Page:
I came to this one with high expectations. Hakushu 12 was a big hit with me, so I thought this one might tickle the tastebuds too. The nose was quite pronounced: sweet, slightly floral, unbaked bread dough. In the mouth, it had none of the light playfulness that so appealed to me in the Hakushu 12: a thin sweetness like honey diluted in water at first but then more robust flavours take over: toffee, liquorice chew stick. Not a bad whisky, but not a favourite.
Reviews by others
Although this is currently the most widely marketed of the Hakushus in Japan, I can find little information on it on the English or Japanese webs.
There is one review on the Maltmaniacs.org website by Ho-cheng Yao, who gave a 86/100 ("highly recommendable") rating on a 2005 bottling.
On the Whisky Magazine forum one well established contributor, "Jan", posted this write-up in November 2004: "Nose: menthol, vanilla, and butter. Taste: The butter flavor really leads the way. It was surprising, as I had never detected this flavor so strongly in a whisky before. This was combined with menthol, linseed oil, and a hint of vanilla. It was very smooth. I think this is a well balanced whisky, and I'll be adding it to my rotation. It kind of reminded me of Green Spot, but with a much fuller body. I don't really like to give points, but i would rank this quite high."Suntory themselves describe Hakushu 10 on their Japanese website as being fruity, smokey, creamy and refreshing, which just about covers all the the possible preferences of potential customers.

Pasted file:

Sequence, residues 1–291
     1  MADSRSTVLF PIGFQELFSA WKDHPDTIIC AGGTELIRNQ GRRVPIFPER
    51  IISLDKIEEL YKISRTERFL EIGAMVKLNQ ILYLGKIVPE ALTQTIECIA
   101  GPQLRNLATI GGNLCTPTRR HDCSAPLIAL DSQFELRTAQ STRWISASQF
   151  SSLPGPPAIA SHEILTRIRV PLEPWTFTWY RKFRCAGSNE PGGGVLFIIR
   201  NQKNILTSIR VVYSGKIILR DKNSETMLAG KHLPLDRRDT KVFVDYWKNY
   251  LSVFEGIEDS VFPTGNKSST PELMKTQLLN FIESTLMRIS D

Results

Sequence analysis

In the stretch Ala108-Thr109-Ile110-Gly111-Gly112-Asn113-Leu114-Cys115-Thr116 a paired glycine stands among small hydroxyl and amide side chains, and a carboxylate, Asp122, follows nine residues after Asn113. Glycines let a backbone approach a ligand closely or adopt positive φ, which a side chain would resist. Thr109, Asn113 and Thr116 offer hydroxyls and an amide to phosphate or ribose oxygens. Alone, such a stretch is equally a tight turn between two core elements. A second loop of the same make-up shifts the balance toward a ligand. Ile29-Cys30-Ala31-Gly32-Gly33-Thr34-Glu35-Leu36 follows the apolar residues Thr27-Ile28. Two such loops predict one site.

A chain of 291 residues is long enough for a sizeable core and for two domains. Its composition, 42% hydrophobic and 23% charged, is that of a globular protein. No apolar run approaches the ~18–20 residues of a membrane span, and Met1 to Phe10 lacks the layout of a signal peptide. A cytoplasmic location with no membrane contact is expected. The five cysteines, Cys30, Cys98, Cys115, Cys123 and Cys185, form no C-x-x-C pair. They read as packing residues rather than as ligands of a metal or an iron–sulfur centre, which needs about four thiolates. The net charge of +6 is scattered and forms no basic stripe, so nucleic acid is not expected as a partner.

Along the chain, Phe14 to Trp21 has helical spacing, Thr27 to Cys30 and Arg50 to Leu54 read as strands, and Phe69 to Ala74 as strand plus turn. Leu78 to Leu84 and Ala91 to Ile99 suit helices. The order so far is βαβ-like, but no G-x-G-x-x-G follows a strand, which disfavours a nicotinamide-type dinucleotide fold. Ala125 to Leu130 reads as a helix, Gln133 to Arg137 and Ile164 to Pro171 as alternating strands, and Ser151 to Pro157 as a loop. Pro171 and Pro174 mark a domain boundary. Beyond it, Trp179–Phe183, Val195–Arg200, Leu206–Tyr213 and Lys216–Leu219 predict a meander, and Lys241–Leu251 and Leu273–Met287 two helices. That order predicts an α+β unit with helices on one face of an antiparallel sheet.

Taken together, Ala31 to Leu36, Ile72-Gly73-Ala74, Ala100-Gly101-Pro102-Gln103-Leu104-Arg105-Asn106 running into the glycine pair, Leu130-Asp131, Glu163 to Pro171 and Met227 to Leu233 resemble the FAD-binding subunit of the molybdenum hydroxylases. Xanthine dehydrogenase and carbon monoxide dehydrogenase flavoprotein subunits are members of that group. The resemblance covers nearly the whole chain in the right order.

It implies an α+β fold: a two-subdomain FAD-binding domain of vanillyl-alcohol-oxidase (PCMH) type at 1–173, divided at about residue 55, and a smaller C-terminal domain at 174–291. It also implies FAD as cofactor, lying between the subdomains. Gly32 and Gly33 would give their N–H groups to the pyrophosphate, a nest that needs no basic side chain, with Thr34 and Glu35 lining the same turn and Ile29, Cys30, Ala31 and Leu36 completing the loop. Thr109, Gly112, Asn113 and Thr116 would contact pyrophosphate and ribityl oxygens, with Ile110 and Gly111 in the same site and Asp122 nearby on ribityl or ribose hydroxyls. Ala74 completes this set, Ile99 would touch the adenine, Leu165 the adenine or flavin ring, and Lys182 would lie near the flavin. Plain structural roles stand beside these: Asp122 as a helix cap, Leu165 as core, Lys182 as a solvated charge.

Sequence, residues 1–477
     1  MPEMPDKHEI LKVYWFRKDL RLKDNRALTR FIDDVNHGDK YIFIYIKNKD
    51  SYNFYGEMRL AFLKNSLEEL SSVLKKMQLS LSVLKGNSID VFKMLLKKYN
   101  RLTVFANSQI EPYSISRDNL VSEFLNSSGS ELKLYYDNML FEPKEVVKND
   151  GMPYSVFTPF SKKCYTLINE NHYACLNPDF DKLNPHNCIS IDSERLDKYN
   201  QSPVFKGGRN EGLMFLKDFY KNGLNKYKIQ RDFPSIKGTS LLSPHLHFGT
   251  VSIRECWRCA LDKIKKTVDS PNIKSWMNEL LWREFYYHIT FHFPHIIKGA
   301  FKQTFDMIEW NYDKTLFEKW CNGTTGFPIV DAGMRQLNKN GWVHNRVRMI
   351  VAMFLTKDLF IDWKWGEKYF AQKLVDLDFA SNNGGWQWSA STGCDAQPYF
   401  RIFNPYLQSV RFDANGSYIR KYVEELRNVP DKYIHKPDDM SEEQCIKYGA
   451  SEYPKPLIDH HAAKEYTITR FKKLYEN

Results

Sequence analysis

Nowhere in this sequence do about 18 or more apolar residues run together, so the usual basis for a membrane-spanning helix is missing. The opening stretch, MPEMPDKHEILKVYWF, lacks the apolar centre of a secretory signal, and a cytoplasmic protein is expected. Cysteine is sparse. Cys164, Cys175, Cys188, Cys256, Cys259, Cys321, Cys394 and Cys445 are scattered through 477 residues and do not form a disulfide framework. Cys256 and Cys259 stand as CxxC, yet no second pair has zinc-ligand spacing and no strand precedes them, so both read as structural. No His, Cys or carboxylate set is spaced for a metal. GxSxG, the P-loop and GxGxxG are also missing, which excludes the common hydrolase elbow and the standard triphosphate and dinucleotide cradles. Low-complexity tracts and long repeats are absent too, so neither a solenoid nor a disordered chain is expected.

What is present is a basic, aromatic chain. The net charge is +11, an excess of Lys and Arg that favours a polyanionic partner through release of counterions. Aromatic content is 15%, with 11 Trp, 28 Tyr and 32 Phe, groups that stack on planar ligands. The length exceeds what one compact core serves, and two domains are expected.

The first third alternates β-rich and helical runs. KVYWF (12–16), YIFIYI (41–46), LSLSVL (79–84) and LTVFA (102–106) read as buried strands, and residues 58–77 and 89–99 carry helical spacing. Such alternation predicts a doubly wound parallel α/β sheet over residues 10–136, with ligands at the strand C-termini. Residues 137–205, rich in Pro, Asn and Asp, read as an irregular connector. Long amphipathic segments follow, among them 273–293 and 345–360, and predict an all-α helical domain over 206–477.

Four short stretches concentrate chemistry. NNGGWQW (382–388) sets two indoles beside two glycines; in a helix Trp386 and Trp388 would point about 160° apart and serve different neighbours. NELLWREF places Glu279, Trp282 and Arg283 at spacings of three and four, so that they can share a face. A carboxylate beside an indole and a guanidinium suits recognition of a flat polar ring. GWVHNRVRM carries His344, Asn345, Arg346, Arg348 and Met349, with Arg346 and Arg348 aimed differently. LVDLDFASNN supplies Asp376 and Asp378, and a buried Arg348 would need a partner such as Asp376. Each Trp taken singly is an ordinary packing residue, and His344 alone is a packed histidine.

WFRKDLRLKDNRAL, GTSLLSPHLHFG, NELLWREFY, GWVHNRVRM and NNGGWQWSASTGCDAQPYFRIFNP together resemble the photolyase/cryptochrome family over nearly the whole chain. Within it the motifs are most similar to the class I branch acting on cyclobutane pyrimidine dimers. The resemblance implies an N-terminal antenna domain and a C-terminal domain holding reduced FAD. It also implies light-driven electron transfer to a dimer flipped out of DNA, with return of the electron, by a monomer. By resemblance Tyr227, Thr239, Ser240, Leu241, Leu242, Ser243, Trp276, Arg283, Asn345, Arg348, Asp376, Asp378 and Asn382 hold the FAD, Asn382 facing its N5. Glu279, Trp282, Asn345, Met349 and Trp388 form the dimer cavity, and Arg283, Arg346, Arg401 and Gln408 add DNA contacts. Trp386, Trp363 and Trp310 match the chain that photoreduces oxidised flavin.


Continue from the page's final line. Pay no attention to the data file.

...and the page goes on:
40 per cent
Price (April 2007)
700 ml - 4,200 yen
Wednesday, August 22, 2007
Thursday, August 16, 2007
Jurassic Period // Unlocking Scotland I // Unlocking Scotland II //Whisky and war// Whisky and war II // Pioneer of Single Malts // Kumaso scandal
In a diary entry on his return from his ground breaking trip to the Speyside distilleries, Masataka Taketsuru wrote: "... arriving in Glasgow early in the evening, although it was smoky, I felt I was at home, and that Glasgow is my town." He immediately plunged back into the academic Chemistry courses at the University of Glasgow and Royal Technical College that he had enrolled in before his trip North and set about finding new opportunities to get hands on experience in the distilleries.